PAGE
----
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My Soul Swims the Boyne




Amanda Griffith


ISBN: 978-1-911131-67-0



About the Book:



John Patrick Reilly was born in 1927, in an old lock-keepers cottage on the banks of the River Boyne.  He was proud of his humble beginnings and as a boy he believed he was rich beyond his wildest dreams, yet all he had was the love of his warm and caring family—that and unadulterated freedom.


His tales of growing up in rural Ireland are written with care and passion, not only for those he know and for the life he loved, but also for the beauty of his surroundings—something he never took for granted.  John describes with incredible detail, the world he grew up in, his family, his friends and the community around Slane village, Stackallan National School and Slane Castle, where he lived, played and worked.  His memoirs will not only be relevant to those who knew him, but to all those with a love of yearning of times gone by. 


This is a heartfelt story with family values at the core.  A wonderful legacy.








About the Author:













The years she spent longing for a child before she was finally blessed with a beautiful daughter of her own were also tough times and although the highs and lows of her journey into motherhood have all been dutifully documented, they will always remain private.  She insists that she has lived an ordinary life and that her priority was simply to be a good daughter, wife and mother but when in 2014, her father lost his eyesight on top of all his other ailments, her patience and reserves were tested to the full.  She became her father’s full-time carer and watched his slow decline whilst also battling with her own tiredness, frustration and anger brought on by recent events.  Feeling trapped and despondent she once again turned to writing and as her idea to document her father’s memoirs developed, it eventually brought much needed solace to both of them.  Amanda describes working on her book, My Soul Swims the Boyne as daily medicine for each of them and although they are her father’s stories, Amanda has brought them to life.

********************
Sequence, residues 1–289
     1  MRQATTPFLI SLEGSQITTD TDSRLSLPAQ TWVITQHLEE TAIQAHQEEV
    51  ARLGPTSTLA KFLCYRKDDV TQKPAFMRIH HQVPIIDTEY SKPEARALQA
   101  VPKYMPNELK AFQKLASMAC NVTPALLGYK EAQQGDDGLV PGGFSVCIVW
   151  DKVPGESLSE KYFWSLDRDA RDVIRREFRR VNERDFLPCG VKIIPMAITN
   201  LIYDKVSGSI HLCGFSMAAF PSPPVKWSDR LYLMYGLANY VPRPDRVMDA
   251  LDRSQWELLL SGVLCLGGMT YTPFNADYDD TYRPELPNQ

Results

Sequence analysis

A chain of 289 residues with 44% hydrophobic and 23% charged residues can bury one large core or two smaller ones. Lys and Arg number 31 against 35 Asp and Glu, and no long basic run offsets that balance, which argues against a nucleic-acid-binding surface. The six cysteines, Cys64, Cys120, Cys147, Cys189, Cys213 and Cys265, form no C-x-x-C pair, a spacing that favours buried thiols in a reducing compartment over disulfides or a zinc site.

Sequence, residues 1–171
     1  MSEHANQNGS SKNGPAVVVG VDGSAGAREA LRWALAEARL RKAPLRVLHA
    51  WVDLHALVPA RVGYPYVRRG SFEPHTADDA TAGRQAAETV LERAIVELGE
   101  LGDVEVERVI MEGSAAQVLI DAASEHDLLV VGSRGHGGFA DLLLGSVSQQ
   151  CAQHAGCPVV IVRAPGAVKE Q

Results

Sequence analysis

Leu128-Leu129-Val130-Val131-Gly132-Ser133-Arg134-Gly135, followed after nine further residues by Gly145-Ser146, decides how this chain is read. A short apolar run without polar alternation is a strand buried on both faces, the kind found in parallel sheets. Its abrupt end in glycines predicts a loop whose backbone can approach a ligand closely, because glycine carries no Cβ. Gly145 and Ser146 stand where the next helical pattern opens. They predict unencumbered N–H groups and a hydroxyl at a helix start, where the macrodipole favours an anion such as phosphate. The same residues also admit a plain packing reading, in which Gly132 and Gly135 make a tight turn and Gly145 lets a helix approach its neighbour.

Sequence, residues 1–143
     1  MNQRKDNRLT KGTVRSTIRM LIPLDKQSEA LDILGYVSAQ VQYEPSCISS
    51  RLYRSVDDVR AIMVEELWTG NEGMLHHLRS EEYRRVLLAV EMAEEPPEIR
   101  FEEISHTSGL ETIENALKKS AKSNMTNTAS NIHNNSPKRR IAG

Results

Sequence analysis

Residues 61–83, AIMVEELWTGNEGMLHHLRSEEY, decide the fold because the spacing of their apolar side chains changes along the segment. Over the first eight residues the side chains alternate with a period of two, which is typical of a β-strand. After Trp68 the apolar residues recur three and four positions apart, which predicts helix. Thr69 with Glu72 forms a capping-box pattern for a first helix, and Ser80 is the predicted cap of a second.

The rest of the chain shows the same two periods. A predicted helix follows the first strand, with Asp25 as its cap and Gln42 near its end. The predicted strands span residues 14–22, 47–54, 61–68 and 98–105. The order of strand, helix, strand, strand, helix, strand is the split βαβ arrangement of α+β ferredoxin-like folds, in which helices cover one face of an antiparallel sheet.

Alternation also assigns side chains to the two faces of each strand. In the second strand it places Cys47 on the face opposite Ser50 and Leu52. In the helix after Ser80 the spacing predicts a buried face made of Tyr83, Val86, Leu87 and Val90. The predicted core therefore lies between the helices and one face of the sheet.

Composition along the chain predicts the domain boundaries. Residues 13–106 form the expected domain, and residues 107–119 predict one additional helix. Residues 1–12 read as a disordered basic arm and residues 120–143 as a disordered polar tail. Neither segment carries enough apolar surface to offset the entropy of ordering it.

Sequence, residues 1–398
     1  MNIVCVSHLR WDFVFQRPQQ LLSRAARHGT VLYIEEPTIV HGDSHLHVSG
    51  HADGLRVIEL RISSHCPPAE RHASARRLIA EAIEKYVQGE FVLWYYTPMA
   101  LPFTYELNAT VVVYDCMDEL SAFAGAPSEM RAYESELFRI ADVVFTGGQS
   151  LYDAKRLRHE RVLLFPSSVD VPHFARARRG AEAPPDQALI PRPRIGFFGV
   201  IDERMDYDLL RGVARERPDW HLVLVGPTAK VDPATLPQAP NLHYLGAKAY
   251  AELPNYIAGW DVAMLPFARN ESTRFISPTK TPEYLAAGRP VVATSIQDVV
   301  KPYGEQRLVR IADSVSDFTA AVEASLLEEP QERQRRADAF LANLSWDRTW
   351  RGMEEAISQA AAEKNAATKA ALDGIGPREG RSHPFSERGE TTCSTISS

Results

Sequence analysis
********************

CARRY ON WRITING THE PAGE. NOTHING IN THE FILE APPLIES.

‘My father was a good man and I love talking about him.  I want to honour him and keep his memory alive’.  These are the first stories she has published.










Amanda Griffith does not consider herself to be an author but when asked to reflect, she states that the most painful parts of her life have been marked with writings of one kind or another.  It seems that when she was hurting most—she took pen to paper.  For her, it helped.  Her old teenage diaries with stories of unrequited love and missed opportunities brought about by shyness and lack of self-confidence now make her smile.  The diaries of 1980, the year her older brother was killed in a car accident and 1986, the year her first husband died from a heart attack when only 29 years old, are still painful for her to read.